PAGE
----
Open source doesn't seem the medicine to cure all diseases, notes Larry Sanger, the co-founder of Wikipedia who has since left the online collaborative encyclopaedia.
Much like open source software development projects, everybody can contribute to an entry in the Wikipedia, after which a process of peer review makes sure the information is accurate. Another similarity to open source software is that the product is free and lacks a copyright owner in the traditional sense of the word.
"Wikipedia does have two big problems, and attention to them is long overdue," Sanger wrote in an op-ed piece.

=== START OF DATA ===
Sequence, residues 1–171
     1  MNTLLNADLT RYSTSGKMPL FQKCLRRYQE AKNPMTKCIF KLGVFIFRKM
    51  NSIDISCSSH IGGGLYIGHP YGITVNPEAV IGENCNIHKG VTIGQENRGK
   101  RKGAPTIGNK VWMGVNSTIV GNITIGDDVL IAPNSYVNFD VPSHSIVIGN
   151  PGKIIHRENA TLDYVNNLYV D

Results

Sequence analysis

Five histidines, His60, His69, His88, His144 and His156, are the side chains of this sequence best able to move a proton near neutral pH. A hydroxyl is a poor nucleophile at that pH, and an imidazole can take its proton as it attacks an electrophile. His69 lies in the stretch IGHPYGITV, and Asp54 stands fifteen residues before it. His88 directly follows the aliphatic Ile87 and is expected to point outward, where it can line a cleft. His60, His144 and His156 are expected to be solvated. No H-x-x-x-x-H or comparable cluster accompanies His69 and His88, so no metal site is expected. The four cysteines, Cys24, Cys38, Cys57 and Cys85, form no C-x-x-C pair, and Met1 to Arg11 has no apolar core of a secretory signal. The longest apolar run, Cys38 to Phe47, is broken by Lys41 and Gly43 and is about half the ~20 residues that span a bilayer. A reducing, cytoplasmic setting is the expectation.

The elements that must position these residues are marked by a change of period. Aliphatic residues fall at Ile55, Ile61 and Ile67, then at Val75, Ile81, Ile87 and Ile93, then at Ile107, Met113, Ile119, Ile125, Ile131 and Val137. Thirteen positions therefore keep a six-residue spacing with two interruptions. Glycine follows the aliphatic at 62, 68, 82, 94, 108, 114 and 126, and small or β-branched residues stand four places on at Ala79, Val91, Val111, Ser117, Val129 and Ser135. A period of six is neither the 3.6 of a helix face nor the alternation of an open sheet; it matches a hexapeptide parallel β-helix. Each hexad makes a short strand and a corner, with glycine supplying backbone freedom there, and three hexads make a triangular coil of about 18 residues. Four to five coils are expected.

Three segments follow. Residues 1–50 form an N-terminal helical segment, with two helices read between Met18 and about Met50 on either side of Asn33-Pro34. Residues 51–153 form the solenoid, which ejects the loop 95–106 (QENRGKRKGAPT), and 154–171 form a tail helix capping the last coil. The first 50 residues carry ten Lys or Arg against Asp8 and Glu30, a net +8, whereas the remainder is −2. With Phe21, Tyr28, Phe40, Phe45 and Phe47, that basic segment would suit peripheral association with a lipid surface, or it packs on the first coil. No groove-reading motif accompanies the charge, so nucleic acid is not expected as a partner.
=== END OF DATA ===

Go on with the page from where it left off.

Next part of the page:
The first problem is a perceived lack of reliability (Sanger puts the emphasis on perceived), which is holding back adoption by a broader audience. Although time might deal with some of that, another part of the reliability issues are valid: the accuracy of entries drops significantly when it comes to specialized topics where only one or two authors contribute.
More importantly, when people work together, egos are bound collide and experts hardly ever get the credit and respect they deserve. Those experts as a result will refrain from contributing to the project. They will "be forced to defend their edits on article discussion pages against attacks by nonexperts. This is not perhaps so bad in itself. But if the expert should have the gall to complain to the community about the problem, he or she will be shouted down (at worst) or politely asked to "work with" persons who have proven themselves to be unreasonable (at best)."
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